By activating specific membrane transport and/or metabolic processes that serve to return cell volume to its normal resting state. Volume sensing mechanisms are extremely sensitive; cells can sense and respond to volume changes of >3%.

23

Volume (perturbations) changes activate:

Volume regulatory mechanisms.

24

What is a problem with the gain or loss of inorganic ions?

Large changes in the levels of inorganic ions are incompatible with long-term normal protein function.

25

What is an organic osmolyte?

Any organic molecule in the intracellular environment; found in high concentrations in the cytosol of all animals. They are used tom maintain cell volume.

26

What are the three types of organic osmolytes?

1. Carbohydrates (e.g. sorbitol)
2. Amino acids and their derivative (e.g. proline)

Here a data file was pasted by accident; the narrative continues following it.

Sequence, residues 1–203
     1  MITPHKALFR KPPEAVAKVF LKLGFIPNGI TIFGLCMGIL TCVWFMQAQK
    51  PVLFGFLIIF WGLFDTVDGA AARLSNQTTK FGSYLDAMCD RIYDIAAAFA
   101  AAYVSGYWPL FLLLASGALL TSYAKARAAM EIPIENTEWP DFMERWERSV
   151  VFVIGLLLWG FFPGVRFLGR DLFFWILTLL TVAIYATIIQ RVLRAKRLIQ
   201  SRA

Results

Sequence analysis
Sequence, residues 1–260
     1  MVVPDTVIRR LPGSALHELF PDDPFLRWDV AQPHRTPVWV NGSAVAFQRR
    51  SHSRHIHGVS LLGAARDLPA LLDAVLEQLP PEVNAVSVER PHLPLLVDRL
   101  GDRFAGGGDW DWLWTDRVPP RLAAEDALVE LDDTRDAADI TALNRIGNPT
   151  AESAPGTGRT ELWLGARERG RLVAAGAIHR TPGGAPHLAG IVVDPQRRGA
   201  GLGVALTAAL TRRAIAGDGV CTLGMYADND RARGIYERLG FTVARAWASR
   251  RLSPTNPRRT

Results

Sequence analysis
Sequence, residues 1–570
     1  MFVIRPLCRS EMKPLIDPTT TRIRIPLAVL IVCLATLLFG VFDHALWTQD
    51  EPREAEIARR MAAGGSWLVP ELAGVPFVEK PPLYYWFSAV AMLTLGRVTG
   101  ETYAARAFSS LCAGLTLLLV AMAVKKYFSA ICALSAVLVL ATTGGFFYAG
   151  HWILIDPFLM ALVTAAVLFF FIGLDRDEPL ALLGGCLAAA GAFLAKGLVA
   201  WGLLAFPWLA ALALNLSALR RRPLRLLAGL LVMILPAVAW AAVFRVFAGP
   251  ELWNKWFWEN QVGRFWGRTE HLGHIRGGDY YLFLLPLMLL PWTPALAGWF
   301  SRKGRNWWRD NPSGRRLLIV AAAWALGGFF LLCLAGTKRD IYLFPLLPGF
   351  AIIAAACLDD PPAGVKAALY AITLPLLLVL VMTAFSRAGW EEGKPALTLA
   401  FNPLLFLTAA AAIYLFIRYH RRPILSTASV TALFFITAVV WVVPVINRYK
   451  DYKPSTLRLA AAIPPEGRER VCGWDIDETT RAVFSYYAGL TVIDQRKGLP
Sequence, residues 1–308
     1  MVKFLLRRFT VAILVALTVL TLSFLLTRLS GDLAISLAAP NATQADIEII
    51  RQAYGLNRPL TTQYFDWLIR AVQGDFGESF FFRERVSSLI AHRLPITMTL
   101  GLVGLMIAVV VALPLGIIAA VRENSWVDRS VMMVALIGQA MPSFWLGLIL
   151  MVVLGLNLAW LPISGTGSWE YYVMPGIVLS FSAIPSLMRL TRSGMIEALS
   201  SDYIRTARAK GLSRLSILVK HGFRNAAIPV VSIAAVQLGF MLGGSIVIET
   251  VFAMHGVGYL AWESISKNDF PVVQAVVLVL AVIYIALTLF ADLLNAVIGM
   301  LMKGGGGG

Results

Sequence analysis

3. Methylamines (e.g. trimethylamine-N-oxide, TMAO)

27

What is a perturbing osmolyte?

One the disrupts metabolism when found in high concentrations or when large shifts in their concentration occur; urea is an example.

28

What is a compatible (non-perturbing) osmolyte?

An osmolyte that does not affect protein function, this is the more common osmolyte. Examples: glycine, proline, inositol, sorbital. Compatible osmolyte use is widespread.

29

What happens with a loss of organic osmolytes?

There is a volume reduction. A transporter in the cell membrane is opened and the osmolytes leave.

30

What happens with a gain of organic osmolytes?

There is a volume increase, occurring because of changes in rates of synthesis and degradation of osmolytes or obtaining more from the environment (through Na-coupled transporters).

31

True or False: Accumulating compatible osmolytes allow cells to survive in enviroments with varying osmotic concentrations.

True, for example some cells in the loop of Henle are exposed to environments ranging from 600 to 1200 mOsm.

32

What are Osmoconformers?